Monday, July 13, 2009

Tropic Thunder

Tropic Thunder is a 2008 comedy film directed and starring Ben Stiller.

The film is about a crew filming a Vietnam-war movie. The film has just started shooting – but has taken a huge hit already and is bleeding money. An idea is concocted to bring the crew together and really make them “feel” like they’re in the film. Little do they know they have stumbled into a real gang of local drug lords. Hilarity ensues.

Well, I didn’t see this film when it first came out – I haven’t seen that many films since my brother moved away and even before that I used to see films pretty regularly with my buddy Matt back in 2006 and 2007. I believe I went to the movies about once a month – now I go about 4 times a year. I’ve only seen one film in the theaters by myself – Superman Returns – and I refuse to do that again for quite some time.

I hadn’t personally heard any of my friends and colleagues talk about this film but I had heard through the grapevine online that the movie was funny. I also heard that it was horrible, so I didn’t actually get around to seeing it until now. I ended up picking up the “director’s cut” which happens to be 13 minutes longer. I don’t know how much better the theatrical version is because I’ve seen the vast majority of people say that the extended version is nowhere near as good (as I’ve also heard about The 40 Year Old Virgin).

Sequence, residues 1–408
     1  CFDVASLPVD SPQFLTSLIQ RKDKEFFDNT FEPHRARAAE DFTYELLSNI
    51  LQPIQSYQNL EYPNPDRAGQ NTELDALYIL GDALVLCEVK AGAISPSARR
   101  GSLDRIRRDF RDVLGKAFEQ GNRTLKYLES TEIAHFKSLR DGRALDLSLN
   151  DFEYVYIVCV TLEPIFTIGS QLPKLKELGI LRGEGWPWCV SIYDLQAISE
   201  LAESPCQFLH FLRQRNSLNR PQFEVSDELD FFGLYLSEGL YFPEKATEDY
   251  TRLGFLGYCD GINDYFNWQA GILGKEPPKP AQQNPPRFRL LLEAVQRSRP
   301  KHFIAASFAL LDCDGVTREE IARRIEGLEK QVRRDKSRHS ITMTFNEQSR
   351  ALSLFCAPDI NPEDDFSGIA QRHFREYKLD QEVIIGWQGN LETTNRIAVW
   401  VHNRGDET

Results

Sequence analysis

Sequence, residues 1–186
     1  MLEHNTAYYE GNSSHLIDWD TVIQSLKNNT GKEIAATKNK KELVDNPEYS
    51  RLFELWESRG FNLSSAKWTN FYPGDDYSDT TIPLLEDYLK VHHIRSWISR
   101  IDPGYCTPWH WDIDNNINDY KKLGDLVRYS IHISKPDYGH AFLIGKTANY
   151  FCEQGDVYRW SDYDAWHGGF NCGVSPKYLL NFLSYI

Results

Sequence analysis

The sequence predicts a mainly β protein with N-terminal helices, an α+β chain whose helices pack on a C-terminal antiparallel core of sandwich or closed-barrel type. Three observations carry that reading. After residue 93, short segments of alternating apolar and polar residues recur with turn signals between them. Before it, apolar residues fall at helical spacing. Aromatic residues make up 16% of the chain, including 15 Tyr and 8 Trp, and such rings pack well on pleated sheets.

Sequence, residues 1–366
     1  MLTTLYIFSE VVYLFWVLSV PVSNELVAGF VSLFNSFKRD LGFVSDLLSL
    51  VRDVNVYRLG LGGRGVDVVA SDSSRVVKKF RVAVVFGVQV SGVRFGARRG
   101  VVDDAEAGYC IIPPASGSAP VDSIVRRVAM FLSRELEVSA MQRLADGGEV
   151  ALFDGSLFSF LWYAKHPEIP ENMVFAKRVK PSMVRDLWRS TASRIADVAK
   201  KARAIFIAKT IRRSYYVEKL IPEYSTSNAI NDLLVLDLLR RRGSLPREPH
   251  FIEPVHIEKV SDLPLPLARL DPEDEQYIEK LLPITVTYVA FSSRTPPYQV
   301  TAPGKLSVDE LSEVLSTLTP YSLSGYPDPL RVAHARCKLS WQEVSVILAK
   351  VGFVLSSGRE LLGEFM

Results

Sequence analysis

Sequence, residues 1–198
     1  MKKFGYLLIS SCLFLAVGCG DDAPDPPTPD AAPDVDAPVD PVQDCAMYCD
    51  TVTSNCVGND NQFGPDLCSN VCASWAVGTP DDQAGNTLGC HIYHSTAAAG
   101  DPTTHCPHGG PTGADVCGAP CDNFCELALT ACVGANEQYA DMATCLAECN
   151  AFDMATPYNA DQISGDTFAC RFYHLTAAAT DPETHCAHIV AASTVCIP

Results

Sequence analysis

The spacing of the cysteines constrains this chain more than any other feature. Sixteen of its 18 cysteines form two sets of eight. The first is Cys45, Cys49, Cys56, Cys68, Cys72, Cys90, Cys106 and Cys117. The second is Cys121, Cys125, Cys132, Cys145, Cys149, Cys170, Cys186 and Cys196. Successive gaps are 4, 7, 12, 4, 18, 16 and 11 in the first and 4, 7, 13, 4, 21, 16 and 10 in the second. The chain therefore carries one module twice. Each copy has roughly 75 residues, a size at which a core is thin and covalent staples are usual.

I’ve never really been a huge fan of Ben Stiller. I see some comedy genius there from time to time, but for the most part he plays basically two characters – the nervous, high-strung one from “Meet the Parents” and the idiot one from “Zoolander” or “Dodgeball.” The rest I’ve seen are variations on those basic archetypes. I’m also not a huge fan of Jack Black, for reasons too long to list at the moment – I just find him annoying. With that said, I liked both of their performances in this film. Stiller was still pretty brain-dead, but wasn’t as aware of his stupidity in this film. I still don’t like Matthew McConaughey.

Robert Downey is in top form in this film, and Nick Nolte plays a wonderful supporting part in this film. Tom Cruise’s role was a shocker, and played the role perfectly.

The film starts off with fake commercials and trailers, which are wonderful – not that movies should start doing such things more frequently – but I loved their inclusion here.

The movie is more than a film within a film, and more than a parody of modern action and war films, but it’s an attack directly on Hollywood itself. The ridiculousness of actors, the money behind films, and the politics of the industry (no, not ‘Washingtion politics’ but politics of getting a film made).

I’d suggest this film for a pretty decent number of meaningful laughs.

*** 1/2 out of *****

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